By Kathryn Carroll, Esq. Disability and Program Coordinator, Association on Aging in New York


Smiling older Hispanic woman wearing a green t-shirt that says “volunteer” on it, standing in front of boxes holding donations.


May is Older Americans Month, when we celebrate the place of older adults in our communities. The federal government’s theme for 2024 is Powered by Connection,” which “recognizes the profound impact that meaningful relationships and social connections have on our health and well-being.” Here in New York, we also celebrate Older New Yorkers Day, which will occur on May 14th this year. The New York State Office for the Aging (NYSOFA) annually helps us honor older New Yorkers from around the state for their volunteerism.


We are grateful to all older adults who donate their time, resources, and talents to the community.
Many older adults give back within the aging services provider network that supports other older adults. Aging services rely extensively on volunteers to ensure basic services are delivered, whether by area agencies on aging or by any of the more than 1,200 additional service providers. Volunteers deliver meals, provide rides, inform and counsel people on health insurance options, staff programs at older adult centers, and raise money for special events.


The Long-Term Care Ombudsman Program (LTCOP) which provides advocacy and resources for older adults and persons with disabilities who live in long-term care facilities such as nursing homes, adult homes, assisted living facilities and family-type homes relies on volunteers to be a presence at sites. In 2021, this program had 240 certified volunteers providing advocacy services. Even with volunteers regularly stepping up to fill needs, area agencies on aging must regularly ask for volunteers to perform critical work that keeps older people living at home and in the community and numerous sites are not getting the required visits from the LTCOP.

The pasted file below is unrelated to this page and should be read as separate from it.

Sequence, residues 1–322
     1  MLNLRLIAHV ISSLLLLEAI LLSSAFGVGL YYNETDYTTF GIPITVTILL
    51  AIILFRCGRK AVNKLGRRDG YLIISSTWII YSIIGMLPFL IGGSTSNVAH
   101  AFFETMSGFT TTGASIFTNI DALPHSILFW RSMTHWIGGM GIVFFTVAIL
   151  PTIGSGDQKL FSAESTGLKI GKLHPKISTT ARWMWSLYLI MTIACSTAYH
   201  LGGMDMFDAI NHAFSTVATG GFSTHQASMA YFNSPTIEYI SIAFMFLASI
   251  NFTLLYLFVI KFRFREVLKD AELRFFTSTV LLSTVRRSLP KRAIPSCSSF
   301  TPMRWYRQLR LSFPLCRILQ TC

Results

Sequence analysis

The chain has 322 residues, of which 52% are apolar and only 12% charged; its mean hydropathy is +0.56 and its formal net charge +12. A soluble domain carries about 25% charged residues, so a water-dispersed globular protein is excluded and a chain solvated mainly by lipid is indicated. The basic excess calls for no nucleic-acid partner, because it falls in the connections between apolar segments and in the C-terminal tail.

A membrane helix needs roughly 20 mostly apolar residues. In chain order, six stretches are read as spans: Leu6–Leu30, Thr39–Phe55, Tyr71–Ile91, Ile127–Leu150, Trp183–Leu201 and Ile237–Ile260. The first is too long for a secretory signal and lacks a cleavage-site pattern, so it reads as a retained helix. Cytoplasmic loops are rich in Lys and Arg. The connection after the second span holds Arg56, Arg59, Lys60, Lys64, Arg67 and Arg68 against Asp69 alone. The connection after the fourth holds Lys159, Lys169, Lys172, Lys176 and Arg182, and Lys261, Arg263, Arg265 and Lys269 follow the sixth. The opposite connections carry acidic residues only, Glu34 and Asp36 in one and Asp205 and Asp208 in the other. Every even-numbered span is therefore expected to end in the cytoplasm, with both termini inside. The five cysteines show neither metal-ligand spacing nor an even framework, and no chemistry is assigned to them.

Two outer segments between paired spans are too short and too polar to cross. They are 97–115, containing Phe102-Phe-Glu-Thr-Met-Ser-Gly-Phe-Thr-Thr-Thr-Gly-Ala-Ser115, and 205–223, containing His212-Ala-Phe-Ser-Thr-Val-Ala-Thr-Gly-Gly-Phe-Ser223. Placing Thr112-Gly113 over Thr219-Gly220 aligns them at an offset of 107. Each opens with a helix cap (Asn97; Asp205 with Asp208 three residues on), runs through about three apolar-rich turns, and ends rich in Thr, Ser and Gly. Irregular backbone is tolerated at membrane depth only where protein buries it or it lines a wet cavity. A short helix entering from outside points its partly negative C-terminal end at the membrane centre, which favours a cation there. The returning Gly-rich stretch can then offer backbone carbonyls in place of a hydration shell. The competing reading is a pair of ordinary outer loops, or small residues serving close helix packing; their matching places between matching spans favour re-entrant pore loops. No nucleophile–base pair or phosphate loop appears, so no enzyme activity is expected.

The value of volunteering and civic engagement like the above by those aged 45 and older is over $13 billion annually.


We should also remember the world of unpaid caregiving – the voluntary care and support by friends and family who make daily life possible for people with disabilities of all ages. New York has approximately 4.1 million unpaid caregivers who provide the bulk of the long-term care. If we paid unpaid caregivers at the market rate for their services, it would be $32 billion dollars per year.


The immense reliance on unpaid work to make daily life, aging-in-place, and independence possible for older adults underscores why we honor the people who do that work and advocate every day for greater investment in aging and disability services.


If you or a loved one are aged 60 older or are a caregiver and in need of services, please don’t hesitate to contact your local area agency on aging whose information you can find on the NYSOFA website.


The mission of the Association on Aging in New York is to support and enhance the capacity of New York’s local Area Agencies on Aging and to work in collaboration with the aging network to promote independence, preserve dignity, and advocate on the behalf of aging New Yorkers and their families. AgingNY wants to be a strong partner in creating a New York free of ageism and ableism. Learn about us at, and follow us at @AgingNY on X, and Aging New York on Facebook and Instagram.